Here Perhaps Noh is best described as a cross between opera and Greek theater I am going to sketch a bit about what I learned although it should be taken with a grain of salt as one would have to study for Doctor Who years to attain even rudiments of understanding and I will necessarily have to simplify even what I learned A Noh play typically consists of three parts which start very slowly and gradually speed up Very often there is a ghost who wandering a landscape specific to a folk tale or historical event because its attachment to sensual life or honor or some other unfinished business prevents it from attaining Buddhist enlightenment In parts one and three there is one main character a shite who is masked and has studied forears to become part of this most elite acting category There is an unmasked waki who interacts with the shite and they may each have subsidiary characters who attend them The shite characters are different in the two parts although these two shites may be different manifestations of the same person or god There is also an ai character generally a villager who in an interlude between the two main acts serves to explicate some background andor provide comic relief One of the most unusual aspects of Noh to me was the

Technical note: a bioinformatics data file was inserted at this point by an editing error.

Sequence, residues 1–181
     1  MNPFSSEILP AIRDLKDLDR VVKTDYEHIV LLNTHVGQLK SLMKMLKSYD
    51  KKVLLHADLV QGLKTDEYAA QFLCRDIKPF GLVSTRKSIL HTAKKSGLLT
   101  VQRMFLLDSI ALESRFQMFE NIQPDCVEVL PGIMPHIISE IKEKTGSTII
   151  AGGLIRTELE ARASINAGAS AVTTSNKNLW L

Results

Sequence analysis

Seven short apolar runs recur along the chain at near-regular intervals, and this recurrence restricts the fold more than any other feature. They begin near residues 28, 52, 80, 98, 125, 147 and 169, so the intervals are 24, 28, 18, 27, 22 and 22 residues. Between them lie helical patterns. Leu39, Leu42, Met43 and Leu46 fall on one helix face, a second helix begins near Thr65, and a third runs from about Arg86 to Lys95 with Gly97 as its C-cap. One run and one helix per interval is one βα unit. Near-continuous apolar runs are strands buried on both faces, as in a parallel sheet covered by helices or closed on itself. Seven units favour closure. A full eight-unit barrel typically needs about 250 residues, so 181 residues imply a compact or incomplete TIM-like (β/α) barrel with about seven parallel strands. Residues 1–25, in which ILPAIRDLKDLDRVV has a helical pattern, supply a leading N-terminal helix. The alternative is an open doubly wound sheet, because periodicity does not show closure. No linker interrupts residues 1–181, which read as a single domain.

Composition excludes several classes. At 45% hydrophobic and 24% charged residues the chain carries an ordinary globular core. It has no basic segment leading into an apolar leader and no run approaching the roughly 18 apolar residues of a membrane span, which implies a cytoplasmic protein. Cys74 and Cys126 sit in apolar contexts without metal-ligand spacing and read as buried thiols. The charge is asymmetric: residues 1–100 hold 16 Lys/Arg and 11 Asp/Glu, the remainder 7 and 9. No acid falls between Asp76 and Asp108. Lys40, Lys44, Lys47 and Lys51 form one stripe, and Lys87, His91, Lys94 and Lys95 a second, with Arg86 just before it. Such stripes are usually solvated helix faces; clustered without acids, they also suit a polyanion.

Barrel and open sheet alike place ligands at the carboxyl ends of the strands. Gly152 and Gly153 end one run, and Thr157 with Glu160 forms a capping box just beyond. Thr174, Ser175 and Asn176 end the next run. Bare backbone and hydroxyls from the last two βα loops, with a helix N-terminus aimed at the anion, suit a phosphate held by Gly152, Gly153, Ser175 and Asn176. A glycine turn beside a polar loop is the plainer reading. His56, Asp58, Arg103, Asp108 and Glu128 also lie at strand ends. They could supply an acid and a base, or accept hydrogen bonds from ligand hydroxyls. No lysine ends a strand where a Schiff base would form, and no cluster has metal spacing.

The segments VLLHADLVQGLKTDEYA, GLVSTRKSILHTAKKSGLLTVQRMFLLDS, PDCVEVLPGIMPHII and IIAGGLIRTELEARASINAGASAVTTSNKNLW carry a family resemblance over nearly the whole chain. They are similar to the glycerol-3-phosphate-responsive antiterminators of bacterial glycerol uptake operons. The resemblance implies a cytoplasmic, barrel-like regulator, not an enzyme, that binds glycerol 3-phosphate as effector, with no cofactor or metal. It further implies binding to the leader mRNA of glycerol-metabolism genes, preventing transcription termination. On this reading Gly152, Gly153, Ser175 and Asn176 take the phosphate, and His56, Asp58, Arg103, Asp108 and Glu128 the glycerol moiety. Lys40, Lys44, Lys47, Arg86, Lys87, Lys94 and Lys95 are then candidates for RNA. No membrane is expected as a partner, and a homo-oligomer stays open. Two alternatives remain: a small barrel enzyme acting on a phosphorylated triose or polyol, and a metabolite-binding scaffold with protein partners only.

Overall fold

sharing of the text among the characters A speech by anyone may be shared by theof the text among the characters A speech by anyone may be shared by the the waki their secondary characters or the chorus shifting from one to the next line by line or after the waki their secondary characters or the chorus shifting from one to the next line by line or after linesSeveral of the plays are taken from the monagatari books of tales that were published in the Japanese medieval period in particular the Heike Monagatari about the wars between the Heike and Genji clans Two in this book deal with battles between the Taira clan being driven from power by the incoming Minamoto forces 1183 1185 Many plays are by Zeami the son of the first major Noh author and actor Zeami is the acknowledged greatest Noh playwright and he wrote a lot of prose works on Noh and Noh practice I definitely enjoyed his plays the most including the Yamamba excerpted here the Matzukaze or Pining Wind with its beautiful nature poetry and YashimaThere are about 240 Noh plays although many are not part of the current repertory just as perhaps 75 100 of hundreds of western operas are actually performed on a regular basis They fall into five groups such as plays about warriors or plays about women The introduction to this Penguin Classics translation of 24 plays gives a good overview of the development of Noh as well as the poetic and prose components the standard form character types costume staging conventions etc But it uickly becomes obvious that ou need a lot help than the introduction and the notes can provide I had picked up Noh The Classical Theater by Yasuo Nakamura introduction by Earle Ernst at a library sale and checked there first I am reviewing it separately It would be good for someone who already knows a fair amount about Noh because it assumes ou already know the basics So I am still looking for an introductory book to the art I also checked Youtube for performance videos and watched one of the play Adachi ga Hara also known as Kurozuka It provides an example of the mask and costume of a ghost or demon shite in part two a comic ai interlude the spare scenery and props a woman shite character and mask inpart one and the changing pace of the performance The end also shows the Buddhist monks chasing away the demon by rasping their prayer beads together during their very the demon by rasping their prayer beads together during their very dancing There are lots of Youtube other videos to choose fromhttpsmyoutubecomwatchvI5j87foYou also need a map of medieval Japan Each play is set in a specific real location and usually makes reference to a journey through real places I have several historical atlases and find that most of them don t worry too much about any part of the world until Europeans arrived However Barnes and Noble s Atlas of World History edited by John Haywood has a good two page spread on this. The idea of form is central than meaning and their structure is always ritualized Selected for their literary merit the twenty four plays in this volume dramatize such ideas as the relationship between men and the gods brother and sister parent and chi.